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Malta: decimal variations

Started by <k>, November 24, 2011, 06:51:31 PM

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<k>

Until 1971 Malta used the UK pound sterling, but in 1972 it issued its own national coinage. In this topic I will show you some of the alternative designs suggested for the coinage that were never ultimately used. In the first part of the topic I will post the designs suggested by the renowned Maltese artist, Emvin Cremona, whilst the second part will be devoted to the designs created by the English artist and engraver, Christopher Ironside.

To reacquaint yourself with Malta's pre-euro coinage, click on the link below:

Malta's pre-euro coinage, 1972-2007
Visit the website of The Royal Mint Museum.

See: The Royal Mint Museum.

<k>

#1

Emvin Cremona was a renowned Maltese artist who specialised in painting. He was born in 1919 and died in 1987. In the late 1960s and early 1970s, he prepared some designs for a suggested national coinage for Malta. The designs illustrated in the first part of this topic come from the Royal Mint documents to be found in the National Archives, London. They are copyright of the National Archives, and the document reference is MINT 20/4181, entitled: "Malta: coinage policy; designs for new decimal coins", covering the dates 1968 Jan 01 to 1971 Dec 31.

Visit the website of The Royal Mint Museum.

See: The Royal Mint Museum.

<k>

#2


Mr Cremona's ½c shows a bee on a honeycomb.







His 1c design depicts an item of ancient Maltese earthenware.







His 2c design features an altar offering in the Temple of Hagar Qim.

Visit the website of The Royal Mint Museum.

See: The Royal Mint Museum.

<k>

#3
Mr Cremona provided three alternative designs for the 5c coin.




Details from the Maltese coat of arms.







An unidentified Maltese church.







A warship of the Knights of Malta.

 
Visit the website of The Royal Mint Museum.

See: The Royal Mint Museum.

<k>

#4
Mr Cremona provided two alternative designs for the 10c coin.




A map of the islands with the George Cross and a stylised compass.







The Maltese coat of arms.

Visit the website of The Royal Mint Museum.

See: The Royal Mint Museum.

<k>

#5

Christopher Ironside was a highly versatile English artist and designer. He was born in 1913 and died in 1992. In the world of numismatics he is best known for creating the reverse designs for the UK's first decimal coinage, though he also designed coins for many other countries. In the early 1970s he prepared and modelled the designs for Malta's first modern national coinage. The designs illustrated in this second part of the topic come from the Royal Mint documents to be found in the National Archives, London. They are copyright of the National Archives, and the document reference is MINT 20/4182, entitled: "Malta: coinage policy; designs for new decimal coins", covering the dates 1971 Jan 01 to 1971 Dec 31.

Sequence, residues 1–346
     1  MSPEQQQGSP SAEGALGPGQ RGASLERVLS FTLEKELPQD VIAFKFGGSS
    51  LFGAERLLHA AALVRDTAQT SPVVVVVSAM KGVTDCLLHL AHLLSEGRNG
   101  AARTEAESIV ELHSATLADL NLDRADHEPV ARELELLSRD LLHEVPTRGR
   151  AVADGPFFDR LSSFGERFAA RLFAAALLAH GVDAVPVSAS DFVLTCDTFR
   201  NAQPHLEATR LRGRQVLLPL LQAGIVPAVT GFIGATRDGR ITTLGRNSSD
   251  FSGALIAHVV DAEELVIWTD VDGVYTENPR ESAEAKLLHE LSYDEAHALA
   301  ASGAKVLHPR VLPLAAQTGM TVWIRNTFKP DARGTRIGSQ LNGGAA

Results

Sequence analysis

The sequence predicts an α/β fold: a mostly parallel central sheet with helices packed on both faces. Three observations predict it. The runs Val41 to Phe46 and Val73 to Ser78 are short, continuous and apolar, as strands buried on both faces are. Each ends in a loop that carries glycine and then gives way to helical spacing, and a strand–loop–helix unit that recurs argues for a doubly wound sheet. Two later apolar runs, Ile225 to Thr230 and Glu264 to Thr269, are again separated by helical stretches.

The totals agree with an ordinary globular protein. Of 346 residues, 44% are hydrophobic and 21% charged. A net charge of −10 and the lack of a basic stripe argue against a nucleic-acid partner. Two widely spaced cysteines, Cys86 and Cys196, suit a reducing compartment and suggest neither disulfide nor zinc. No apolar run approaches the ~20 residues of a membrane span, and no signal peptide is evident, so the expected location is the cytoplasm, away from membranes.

Visit the website of The Royal Mint Museum.

See: The Royal Mint Museum.

<k>

#6


Mr Ironside's initial sketch for the 3 mils design depicts three honeybees.







Here is Mr Ironside's final sketch, alongside the finished 3 mils coin.
Visit the website of The Royal Mint Museum.

See: The Royal Mint Museum.

<k>

#7


This is Mr Ironside's attractive sketch of a Norman window, which was originally intended for the 5 mils coin.






Here is Mr Ironside's sketch of the earthen lampstand that appeared on the finished 5 mils coin.






The actual 5 mils coin.
Visit the website of The Royal Mint Museum.

See: The Royal Mint Museum.

<k>

#8


Mr Ironside's sketch of the reverse of the 3 mils coin, alongside the finished article.







Mr Ironside's sketch of the reverse of the 5 cents coin, alongside the finished article.

Visit the website of The Royal Mint Museum.

See: The Royal Mint Museum.

<k>

#9
 

Mr Ironside's sketch of Penthesilea, Queen of the Amazons, used on the eventual 2 cents coin.

Visit the website of The Royal Mint Museum.

See: The Royal Mint Museum.

<k>

#10
 

Mr Ironside's sketch of the floral altar in the Temple of Hagar Qim, which appeared on the eventual 5 cents coin.

Visit the website of The Royal Mint Museum.

See: The Royal Mint Museum.

<k>

#11


Mr Ironside's sketch of the Barge of the Grand Master for the 5 cents coin.





The issued coin.
Visit the website of The Royal Mint Museum.

See: The Royal Mint Museum.

<k>

#12




Mr Ironside's sketch of the Great Siege Monument, which depicts allegorical representations of Fortitude, Hope and Faith.

This design appeared on the 50 cents coin.
Visit the website of The Royal Mint Museum.

See: The Royal Mint Museum.

<k>

#13


Mr Ironside's design of the Maltese coat of arms, with dolphin supporters.

It was originally intended as the obverse for all the circulation coins.

It was not used, but a somewhat similar design appeared on the reverse of the collector two pounds coin of 1972.
Visit the website of The Royal Mint Museum.

See: The Royal Mint Museum.

<k>

#14


This effigy of Queen Elizabeth II by Arnold Machin was apparently intended as the obverse design of the Maltese circulation coins.

It is dated 1970, while the actual circulation coinage was issued in 1972 and dated as such.

Although Malta is a member of the Commonwealth of Nations, the Queen has never appeared on any of Malta's coins.
Visit the website of The Royal Mint Museum.

See: The Royal Mint Museum.